Stretching to Reduce Stress
Professionals in the fitness and health industries have noticed the correlation between stretching and relieving stress. Chronic pain arises in these places where tension is held, such as in the shoulders, lower back, neck and head. Stretching, interrupts that defensive response and provides relief to the tense body.
Stress can restrict blood flow, according to MD-health.com, leading to “knots in the muscles in the shoulders and neck.” Stretching, according to the Mayo Clinic, increases blood flow to the muscle and aids circulation. Improving circulation allows muscles to relax, leading to greater heart health and cardiovascular function. Stretching also promotes circulation of new blood to the brain, which can result in mood elevation, allowing any stress to roll off your body and mind, according to wellness expert Peggy Hall.
When bodies are tight, people are more susceptible to pain and injury. Muscles tense up, and people don’t move as freely, or might not want to move at all.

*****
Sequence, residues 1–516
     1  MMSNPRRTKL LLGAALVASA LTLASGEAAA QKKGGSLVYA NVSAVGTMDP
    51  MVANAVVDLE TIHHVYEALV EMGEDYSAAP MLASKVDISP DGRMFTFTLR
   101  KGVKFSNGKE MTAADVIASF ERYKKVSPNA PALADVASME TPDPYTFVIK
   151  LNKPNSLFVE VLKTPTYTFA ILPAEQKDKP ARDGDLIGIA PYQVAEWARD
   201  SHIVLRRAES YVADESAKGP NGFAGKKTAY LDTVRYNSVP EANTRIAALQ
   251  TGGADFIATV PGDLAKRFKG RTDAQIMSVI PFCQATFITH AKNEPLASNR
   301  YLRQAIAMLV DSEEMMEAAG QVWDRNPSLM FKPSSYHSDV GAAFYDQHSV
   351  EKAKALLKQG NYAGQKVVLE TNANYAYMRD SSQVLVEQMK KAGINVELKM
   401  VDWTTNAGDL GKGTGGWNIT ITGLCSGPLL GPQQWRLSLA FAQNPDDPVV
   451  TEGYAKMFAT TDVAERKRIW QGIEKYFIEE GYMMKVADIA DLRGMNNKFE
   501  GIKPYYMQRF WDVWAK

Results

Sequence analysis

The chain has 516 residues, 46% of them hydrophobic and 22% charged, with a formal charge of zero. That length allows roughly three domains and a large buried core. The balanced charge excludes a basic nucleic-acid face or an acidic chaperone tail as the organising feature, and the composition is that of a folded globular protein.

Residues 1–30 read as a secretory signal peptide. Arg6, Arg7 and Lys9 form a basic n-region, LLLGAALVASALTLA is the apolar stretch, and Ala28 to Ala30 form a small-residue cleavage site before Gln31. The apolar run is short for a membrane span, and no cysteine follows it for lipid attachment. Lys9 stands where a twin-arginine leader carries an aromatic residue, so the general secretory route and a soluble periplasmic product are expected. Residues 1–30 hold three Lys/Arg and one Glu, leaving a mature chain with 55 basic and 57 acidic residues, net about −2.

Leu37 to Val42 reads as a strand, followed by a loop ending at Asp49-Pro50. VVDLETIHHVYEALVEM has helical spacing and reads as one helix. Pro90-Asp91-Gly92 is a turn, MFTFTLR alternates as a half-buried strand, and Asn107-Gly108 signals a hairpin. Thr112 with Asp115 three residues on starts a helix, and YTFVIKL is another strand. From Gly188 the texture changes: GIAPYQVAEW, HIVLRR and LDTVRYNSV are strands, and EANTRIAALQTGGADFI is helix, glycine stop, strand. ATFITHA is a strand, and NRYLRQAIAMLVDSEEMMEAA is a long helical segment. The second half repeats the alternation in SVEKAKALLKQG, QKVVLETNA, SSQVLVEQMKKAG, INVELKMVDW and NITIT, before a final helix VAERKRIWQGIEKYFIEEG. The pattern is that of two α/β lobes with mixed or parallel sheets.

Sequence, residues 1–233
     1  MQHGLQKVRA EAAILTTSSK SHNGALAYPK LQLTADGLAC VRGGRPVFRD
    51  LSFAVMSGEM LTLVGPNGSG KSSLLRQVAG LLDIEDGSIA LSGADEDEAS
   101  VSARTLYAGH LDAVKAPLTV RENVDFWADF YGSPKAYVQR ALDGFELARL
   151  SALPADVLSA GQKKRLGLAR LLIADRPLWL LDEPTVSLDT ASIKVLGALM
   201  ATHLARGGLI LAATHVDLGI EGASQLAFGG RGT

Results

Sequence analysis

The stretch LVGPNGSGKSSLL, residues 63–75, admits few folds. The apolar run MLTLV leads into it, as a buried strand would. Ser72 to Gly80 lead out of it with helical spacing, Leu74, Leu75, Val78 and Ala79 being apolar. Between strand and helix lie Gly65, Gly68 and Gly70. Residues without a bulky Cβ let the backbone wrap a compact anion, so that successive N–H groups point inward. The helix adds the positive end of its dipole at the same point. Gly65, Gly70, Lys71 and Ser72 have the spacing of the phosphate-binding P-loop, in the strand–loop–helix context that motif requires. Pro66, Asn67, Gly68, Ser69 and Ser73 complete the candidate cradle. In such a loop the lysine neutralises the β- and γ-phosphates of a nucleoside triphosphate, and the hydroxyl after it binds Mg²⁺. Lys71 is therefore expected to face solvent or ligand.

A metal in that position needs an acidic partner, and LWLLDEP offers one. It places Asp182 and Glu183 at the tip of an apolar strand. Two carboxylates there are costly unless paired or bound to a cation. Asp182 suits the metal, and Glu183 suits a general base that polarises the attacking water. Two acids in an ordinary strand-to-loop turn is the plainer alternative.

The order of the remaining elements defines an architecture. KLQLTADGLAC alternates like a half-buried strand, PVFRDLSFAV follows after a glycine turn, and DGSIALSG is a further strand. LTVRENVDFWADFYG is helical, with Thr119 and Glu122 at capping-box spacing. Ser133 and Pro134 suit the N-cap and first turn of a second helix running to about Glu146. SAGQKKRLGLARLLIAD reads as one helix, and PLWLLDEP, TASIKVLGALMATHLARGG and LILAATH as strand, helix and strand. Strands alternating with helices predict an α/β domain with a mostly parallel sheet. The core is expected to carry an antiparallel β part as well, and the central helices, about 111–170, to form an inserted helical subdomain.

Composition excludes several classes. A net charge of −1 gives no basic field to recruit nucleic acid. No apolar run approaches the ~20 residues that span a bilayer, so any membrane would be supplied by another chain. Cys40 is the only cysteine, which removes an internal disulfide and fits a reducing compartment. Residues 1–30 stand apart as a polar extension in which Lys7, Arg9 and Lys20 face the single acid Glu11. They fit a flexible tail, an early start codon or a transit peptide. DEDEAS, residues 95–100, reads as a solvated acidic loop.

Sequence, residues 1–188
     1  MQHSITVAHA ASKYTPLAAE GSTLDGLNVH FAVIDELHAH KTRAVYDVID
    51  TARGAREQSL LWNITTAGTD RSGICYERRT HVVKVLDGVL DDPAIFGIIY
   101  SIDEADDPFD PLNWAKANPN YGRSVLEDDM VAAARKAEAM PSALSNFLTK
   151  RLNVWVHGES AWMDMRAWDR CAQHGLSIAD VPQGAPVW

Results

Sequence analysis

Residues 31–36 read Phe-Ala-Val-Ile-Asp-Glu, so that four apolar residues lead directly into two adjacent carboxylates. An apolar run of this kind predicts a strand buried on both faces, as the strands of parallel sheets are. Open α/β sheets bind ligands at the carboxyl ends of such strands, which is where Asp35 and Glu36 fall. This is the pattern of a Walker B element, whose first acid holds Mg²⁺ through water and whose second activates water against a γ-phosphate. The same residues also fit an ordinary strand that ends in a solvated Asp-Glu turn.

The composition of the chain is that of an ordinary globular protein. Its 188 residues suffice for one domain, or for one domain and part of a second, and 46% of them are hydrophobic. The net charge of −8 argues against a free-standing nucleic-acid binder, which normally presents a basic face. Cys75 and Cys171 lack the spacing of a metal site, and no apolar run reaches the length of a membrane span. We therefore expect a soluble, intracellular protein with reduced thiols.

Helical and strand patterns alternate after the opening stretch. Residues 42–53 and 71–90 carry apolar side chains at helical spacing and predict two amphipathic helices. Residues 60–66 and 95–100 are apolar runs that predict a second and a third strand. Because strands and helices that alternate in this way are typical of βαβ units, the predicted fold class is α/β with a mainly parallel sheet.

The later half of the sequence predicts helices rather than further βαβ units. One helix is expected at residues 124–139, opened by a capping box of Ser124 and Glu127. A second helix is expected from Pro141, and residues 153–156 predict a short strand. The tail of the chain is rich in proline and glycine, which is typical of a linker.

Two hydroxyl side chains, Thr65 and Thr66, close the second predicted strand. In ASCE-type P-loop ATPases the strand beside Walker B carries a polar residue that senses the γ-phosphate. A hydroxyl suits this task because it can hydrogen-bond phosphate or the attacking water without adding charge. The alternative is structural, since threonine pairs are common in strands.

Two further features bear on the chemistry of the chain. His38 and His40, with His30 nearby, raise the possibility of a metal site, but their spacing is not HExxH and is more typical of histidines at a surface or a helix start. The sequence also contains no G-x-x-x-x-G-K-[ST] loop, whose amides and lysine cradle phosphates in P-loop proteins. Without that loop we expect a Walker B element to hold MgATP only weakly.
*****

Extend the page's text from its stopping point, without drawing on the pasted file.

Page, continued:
Restriction of movement or painful movement can bring on stress simply because it’s harder to get around. It can cause you to miss work or social engagements, adding to stress and decreasing quality of life. Taking time to loosen the muscles, especially those in areas that notoriously collect tightness (such as the lower back, hips and neck) will make you feel more mobile, and your overall quality of life will see improvement. Over time, stretching will ease “fatigue, impatience, lack of sleep, and disability while improving function and assist in eliminating the need for medications used for treatment.”
When holding a stretch, people tend to allow the breath to stretch out as well. Harvard researchers discuss the benefits of deep breathing to soothe the body and release stress. While deep breathing might seem unnatural, they say, it promotes full oxygen exchange, which can slow the heartbeat and lower or stabilize blood pressure, inducing a more relaxed state of being.